Health-care architecture is Norfolk firm’s niche
- January 29, 2009
by Lisa Antonelli Bacon
In 1975, fresh out of Virginia Tech’s architecture program, Paul Finch laid out his future without even knowing it. As low man on the totem pole in a prominent Norfolk architectural firm, he had a chance to observe up close an industry elder who knew all about designing buildings used in health services. Eventually, the two partnered on projects together. When his mentor retired, Finch continued designing health-care facilities.
In 1988, after a six-year stint at another architectural firm, Finch decided it was time to open his own design studio, with health-care architecture as its focus. Now, 80 to 90 percent of the firm’s projects are related to health care.
Twenty years later, Finch and partners Joe Trost and Sharon Szalai have a reputation that stretches from Virginia Beach to West Virginia and even Puerto Rico. And they’ve become the go-to guys in health-care architecture for eastern Virginia, raising revenues 68 percent between 2005 and 2007, from $2.5 million to $4.2 million in fees. (2008 figures were not available at press time.) In fact, in addition to serving as consultants in other firms’ endeavors, Paul Finch & Associates PC has provided its services to every major health system in the Hampton Roads area.
In the past year, the recession has moved a high percentage of construction projects to the back burner, but construction of health-care facilities — medical offices, hospitals, emergency departments — has suffered little as yet. Elective procedures at hospitals have declined, but people still get sick and they still age. So do medical buildings. New technologies usually require different accommodations, creating an ongoing need for new or updated facilities.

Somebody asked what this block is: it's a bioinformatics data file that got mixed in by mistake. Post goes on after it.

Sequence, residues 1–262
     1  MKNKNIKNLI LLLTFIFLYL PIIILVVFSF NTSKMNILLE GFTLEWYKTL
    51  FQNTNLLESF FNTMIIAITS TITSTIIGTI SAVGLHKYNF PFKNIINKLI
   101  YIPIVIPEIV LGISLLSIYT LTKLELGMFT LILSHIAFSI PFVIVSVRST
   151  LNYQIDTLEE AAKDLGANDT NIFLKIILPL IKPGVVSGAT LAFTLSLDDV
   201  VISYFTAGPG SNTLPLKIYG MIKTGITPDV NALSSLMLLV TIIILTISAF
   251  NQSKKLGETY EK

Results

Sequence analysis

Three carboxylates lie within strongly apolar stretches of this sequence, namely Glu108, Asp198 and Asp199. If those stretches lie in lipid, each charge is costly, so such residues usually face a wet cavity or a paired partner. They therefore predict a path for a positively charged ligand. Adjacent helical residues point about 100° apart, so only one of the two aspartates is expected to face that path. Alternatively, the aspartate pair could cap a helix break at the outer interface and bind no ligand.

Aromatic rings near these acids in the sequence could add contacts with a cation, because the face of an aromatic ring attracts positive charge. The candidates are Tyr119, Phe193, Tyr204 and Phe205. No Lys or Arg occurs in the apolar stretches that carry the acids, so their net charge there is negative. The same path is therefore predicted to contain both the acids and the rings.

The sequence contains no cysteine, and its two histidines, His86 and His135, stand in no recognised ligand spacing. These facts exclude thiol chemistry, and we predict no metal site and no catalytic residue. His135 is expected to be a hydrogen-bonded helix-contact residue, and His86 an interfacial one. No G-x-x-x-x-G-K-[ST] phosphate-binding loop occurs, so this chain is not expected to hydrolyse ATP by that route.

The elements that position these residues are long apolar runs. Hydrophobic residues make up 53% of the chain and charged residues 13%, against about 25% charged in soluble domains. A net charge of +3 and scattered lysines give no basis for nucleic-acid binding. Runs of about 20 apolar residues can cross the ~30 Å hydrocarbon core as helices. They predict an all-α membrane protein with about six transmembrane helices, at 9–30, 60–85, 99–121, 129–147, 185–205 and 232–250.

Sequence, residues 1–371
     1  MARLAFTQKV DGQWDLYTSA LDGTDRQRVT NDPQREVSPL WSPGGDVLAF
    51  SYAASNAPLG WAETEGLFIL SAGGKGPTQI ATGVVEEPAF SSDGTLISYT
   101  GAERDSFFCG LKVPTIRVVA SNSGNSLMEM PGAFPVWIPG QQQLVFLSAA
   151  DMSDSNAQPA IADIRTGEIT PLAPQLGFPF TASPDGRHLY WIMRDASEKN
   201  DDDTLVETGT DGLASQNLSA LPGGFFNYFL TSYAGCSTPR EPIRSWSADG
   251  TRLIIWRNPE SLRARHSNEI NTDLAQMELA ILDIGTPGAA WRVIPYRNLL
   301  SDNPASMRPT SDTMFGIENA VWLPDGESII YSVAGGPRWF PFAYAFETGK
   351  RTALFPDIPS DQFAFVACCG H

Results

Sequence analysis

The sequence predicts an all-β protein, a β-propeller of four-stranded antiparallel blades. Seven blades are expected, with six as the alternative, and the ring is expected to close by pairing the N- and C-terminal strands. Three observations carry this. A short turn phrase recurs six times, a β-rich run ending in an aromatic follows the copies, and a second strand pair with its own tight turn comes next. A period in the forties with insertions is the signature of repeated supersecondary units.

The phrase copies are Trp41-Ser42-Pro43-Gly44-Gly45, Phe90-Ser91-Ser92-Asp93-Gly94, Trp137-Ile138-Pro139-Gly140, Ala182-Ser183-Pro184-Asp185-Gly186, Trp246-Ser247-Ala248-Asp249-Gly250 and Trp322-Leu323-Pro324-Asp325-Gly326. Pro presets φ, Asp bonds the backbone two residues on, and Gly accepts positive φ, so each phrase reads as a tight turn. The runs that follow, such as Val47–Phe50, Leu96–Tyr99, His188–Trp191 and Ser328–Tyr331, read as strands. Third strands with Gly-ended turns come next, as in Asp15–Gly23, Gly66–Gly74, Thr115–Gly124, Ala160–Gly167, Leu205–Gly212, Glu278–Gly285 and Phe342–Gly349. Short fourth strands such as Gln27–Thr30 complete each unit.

That’s all good news to Finch, whose firm also offers interior design services. “I enjoy designing health-care [facilities], because they’re more complex,” says Finch. “You can design office buildings all day long, and there isn’t too much difference. Medical is constantly changing, constantly coming up with new equipment and new procedures that make every job a little different.”
More than allaying boredom, ongoing progress in the field of medicine also guarantees change in architectural needs. And all that spells work for architects like Finch. “Getting through the downturn will come from our current clientele,” Finch says. There’s a lot to draw from. Recent projects include the new emergency department at Bon Secours Health Center at Harbour View and the ambulatory surgery center at Sentara Obici Hospital, both in Suffolk; Children’s Hospital of the King’s Daughters’ Princess Anne Office Building in Virginia Beach; and the patient tower at Sentara Virginia Beach General Hospital.
Paul Finch & Associates has been through it before. In the 1991 recession, the medical clientele kept the firm busy. And when the economy dipped in 2001, Finch says, “We really didn’t notice it.” The last half of 2008 made its impression though, forcing Finch to reduce staff from its one-time high of 22 employees to 17. Running lean, Finch says, the current workload stretches into summer 2009, with projects for Sentara in Isle of Wight County and Children’s Hospital of the King’s Daughters in Chesapeake.
Finch also plans to use facilities assessments as a new business tool. “Most of the medical work comes through talking to people one on one,” says Finch. By offering a prospective client a facility assessment — usually part of the design process — without a signed design contract, Finch hopes to persuade prospects to buy the firm’s architectural services.
According to at least one Finch client, a trial makes a loyal customer. David Jacques, facilities engineer at Chesapeake General Hospital, says the services of Finch & Associates are an outstanding value. “The service we get for what we pay is excellent,” says Jacques, who has worked with many architectural firms in his 30 years as a facilities engineer. “Whether it’s related to a project or not, Paul is always willing to answer questions. I feel like I can call him any time. Not everyone does that.”
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